Some of the ideas discussed in this blog are published in my new book called "The Stonehenge Bluestones" -- available by post and through good bookshops everywhere. Bad bookshops might not have it....
To order, click

Tuesday 25 July 2023

The Newall Boulder -- a very erratic development

May God save us from erratic experts and erratic opinions......

Things are getting dirty out there. The forces of darkness are so determined that the words " glacial erratic" and "Stonehenge" should never be mentioned in the same sentence that they have produced a very strange paper on the Newall Boulder, designed to refute any suggestion that glacier ice may at some stage have approached Salisbury Plain. The paper is written by an interesting collection of bedfellows -- Bevins, Ixer, Pearce, Scourse and Daw -- and it is so filled with dodgy assumptions and speculations that I shall take great pleasure in scrutinising it in more detail in another post. I do not for a moment accept that the paper is authoritative, scientifically sound or correct in its conclusions.

The paper is accompanied by two quite bizarre posts by Tim Daw on his blog site, designed to rubbish a couple of my posts on this blog about the Newall Boulder. No point in complaining -- in one of my posts I had a go at the very strange article published by Ixer, Bevins, Pearce and Dawson in 2022 in "Current Archaeology" and concluded that it was essentially worthless. So I have to accept incoming fire and deal with it as appropriate. Maybe Tim sees himself as the feisty defender of the establishment.......but at least he acknowledges my existence, which is something to be grateful for.

Rob Ixer, Richard Bevins, Nick Pearce, and David Dawson.
Victorian gifts: new insights into the Stonehenge bluestones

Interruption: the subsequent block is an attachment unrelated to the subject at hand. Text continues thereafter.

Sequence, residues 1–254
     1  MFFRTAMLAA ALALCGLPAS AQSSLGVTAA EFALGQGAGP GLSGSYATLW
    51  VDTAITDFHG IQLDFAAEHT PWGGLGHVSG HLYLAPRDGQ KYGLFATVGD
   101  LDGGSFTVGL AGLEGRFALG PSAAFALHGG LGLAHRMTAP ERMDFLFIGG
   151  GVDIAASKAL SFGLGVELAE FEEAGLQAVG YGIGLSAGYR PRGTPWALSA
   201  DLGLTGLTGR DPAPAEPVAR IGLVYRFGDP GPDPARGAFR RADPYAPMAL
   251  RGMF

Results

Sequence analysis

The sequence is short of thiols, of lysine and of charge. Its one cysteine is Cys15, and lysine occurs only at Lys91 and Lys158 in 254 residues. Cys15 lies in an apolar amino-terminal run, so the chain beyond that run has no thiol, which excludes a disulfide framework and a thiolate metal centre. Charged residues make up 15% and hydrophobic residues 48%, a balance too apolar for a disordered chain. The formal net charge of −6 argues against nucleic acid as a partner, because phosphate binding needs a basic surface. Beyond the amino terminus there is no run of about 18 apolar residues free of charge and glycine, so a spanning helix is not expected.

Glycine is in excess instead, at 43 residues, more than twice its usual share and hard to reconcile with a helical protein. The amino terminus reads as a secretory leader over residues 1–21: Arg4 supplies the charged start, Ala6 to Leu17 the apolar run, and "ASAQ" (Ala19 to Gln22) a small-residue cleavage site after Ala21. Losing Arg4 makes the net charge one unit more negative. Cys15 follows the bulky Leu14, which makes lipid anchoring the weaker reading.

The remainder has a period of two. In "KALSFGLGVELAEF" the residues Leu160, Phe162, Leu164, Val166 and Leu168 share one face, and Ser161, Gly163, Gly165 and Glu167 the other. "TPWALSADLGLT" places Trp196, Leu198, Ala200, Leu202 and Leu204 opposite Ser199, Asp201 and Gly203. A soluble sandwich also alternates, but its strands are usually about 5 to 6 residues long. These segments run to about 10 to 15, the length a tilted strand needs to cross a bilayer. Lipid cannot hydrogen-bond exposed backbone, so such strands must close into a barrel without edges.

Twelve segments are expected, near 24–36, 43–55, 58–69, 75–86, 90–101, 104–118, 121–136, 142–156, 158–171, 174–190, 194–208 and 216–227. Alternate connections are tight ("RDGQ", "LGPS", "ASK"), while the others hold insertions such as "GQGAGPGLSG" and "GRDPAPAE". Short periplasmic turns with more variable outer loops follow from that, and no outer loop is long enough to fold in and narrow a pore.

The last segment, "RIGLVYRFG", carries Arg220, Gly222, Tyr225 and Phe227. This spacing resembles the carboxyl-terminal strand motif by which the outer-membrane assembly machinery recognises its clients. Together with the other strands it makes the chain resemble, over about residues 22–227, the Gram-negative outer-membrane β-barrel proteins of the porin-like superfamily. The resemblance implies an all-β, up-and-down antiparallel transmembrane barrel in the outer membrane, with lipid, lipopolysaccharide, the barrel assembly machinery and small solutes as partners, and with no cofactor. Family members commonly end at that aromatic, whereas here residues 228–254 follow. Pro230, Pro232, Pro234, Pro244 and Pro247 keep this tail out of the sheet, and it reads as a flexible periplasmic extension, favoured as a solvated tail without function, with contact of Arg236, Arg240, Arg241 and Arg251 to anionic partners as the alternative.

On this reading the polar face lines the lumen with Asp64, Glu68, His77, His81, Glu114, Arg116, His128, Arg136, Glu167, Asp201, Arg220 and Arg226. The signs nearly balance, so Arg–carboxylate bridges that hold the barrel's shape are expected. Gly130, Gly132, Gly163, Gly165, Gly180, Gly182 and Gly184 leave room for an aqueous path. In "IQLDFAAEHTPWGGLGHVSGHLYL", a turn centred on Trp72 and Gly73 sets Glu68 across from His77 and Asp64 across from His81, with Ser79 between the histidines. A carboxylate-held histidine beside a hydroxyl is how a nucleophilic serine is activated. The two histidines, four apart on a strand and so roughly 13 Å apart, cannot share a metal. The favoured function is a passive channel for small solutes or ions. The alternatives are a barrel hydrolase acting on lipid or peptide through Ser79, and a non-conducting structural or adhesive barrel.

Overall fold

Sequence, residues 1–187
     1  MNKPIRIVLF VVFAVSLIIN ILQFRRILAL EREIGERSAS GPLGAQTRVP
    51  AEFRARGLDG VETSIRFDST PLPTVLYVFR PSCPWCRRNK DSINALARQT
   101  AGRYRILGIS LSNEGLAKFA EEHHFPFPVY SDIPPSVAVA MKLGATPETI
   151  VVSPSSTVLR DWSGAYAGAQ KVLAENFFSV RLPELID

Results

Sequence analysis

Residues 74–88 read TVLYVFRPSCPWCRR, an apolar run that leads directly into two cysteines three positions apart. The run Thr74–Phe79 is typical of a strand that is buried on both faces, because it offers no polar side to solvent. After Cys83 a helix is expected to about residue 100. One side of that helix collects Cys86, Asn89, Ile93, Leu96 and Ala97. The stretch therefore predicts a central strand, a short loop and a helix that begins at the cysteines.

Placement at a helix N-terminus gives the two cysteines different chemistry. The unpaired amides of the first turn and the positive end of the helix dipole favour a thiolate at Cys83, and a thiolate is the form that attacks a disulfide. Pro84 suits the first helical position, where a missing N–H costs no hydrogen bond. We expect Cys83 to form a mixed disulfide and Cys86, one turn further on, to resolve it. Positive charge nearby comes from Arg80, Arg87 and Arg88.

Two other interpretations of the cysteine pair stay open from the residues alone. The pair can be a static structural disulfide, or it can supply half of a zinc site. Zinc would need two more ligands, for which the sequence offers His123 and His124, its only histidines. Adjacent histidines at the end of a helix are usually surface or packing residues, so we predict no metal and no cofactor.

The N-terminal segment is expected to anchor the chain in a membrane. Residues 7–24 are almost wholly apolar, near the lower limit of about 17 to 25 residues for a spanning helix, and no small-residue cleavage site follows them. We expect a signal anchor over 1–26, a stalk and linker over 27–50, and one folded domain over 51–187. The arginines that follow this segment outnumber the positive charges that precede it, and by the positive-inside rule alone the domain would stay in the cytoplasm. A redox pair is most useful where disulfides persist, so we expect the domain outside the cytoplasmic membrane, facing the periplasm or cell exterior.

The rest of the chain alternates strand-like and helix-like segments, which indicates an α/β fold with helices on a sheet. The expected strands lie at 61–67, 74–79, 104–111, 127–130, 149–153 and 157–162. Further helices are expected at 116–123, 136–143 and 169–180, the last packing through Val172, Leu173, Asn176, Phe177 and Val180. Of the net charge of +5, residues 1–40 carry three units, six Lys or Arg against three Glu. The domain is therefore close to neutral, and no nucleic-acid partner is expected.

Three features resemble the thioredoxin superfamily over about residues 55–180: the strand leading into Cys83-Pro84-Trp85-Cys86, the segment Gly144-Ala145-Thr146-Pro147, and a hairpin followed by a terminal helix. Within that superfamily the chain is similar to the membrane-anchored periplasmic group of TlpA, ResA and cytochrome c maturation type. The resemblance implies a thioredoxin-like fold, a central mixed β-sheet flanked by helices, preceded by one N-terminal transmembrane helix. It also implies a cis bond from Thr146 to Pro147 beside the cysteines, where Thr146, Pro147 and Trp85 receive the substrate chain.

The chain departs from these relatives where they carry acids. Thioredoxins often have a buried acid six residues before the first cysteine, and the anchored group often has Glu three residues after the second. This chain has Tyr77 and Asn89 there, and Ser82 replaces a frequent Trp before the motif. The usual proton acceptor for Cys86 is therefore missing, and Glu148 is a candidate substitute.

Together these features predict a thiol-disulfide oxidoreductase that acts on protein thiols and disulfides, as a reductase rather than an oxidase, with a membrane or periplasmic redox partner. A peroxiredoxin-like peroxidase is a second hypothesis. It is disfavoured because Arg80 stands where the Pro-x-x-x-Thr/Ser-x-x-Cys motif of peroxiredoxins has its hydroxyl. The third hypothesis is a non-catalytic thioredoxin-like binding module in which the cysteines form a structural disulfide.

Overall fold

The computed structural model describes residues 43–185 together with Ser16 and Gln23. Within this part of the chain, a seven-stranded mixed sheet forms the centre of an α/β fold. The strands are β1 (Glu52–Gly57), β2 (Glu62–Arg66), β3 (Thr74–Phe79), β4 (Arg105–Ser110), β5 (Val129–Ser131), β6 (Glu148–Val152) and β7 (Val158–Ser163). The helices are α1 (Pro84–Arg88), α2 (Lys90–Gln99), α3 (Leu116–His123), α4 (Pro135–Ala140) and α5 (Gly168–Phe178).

The new paper:
Lithological description and provenancing of a collection of bluestones from excavations at Stonehenge by William Hawley in 1924 with implications for the human versus ice transport debate of the monument's bluestone megaliths. Geoarchaeology 2023: 1-15

Richard Bevins, Rob Ixer, Nick Pearce, James Scourse, Tim Daw

(You may find that it is behind a paywall.)

In his blog Tim says: "It might be thought unkind to remind people of the erroneous opinions that have been published on Newall's Boulder now the full scientific analysis is available and any suggestion it is a glacial erratic dismissed. But I think a sample of them should be archived. We should see them as the grit in the oyster, worthless irritants except when they help pearls to be produced.". Stirring stuff indeed -- "erroneous opinions", "worthless irritants" and so forth.

I'm sure Tim is trying to be helpful by "archiving" some of my work, but he need not have bothered.  The National Library of Wales archives the full blog already, on the grounds that it has immense value as a repository for hard information about Stonehenge and the events and processes of the Ice Age.

 And the suggestion that the new paper contains a full scientific analysis and that it is therefore correct is of course bizarre.  If every published scientific paper is "correct" then there is no need for science.  The mentioned study is a useful scientific analysis, and it will no doubt by followed by others which will question its observations and conclusions.

In a second post Tim goes on at some length about the shape of the Newall boulder, and I do not have a clue what he is tallking about. Then he says that I have interpreted slickenside traces as glacial striations, demonstrating again that he does not understand -- or has not even bothered to read -- the points I have made in previous posts about these features.

With friends like Tim, who needs enemies?

I am away in Sweden at the moment, with no access to my raw materials, but as soon as I get home I will deal with the matter in hand. Watch this space.........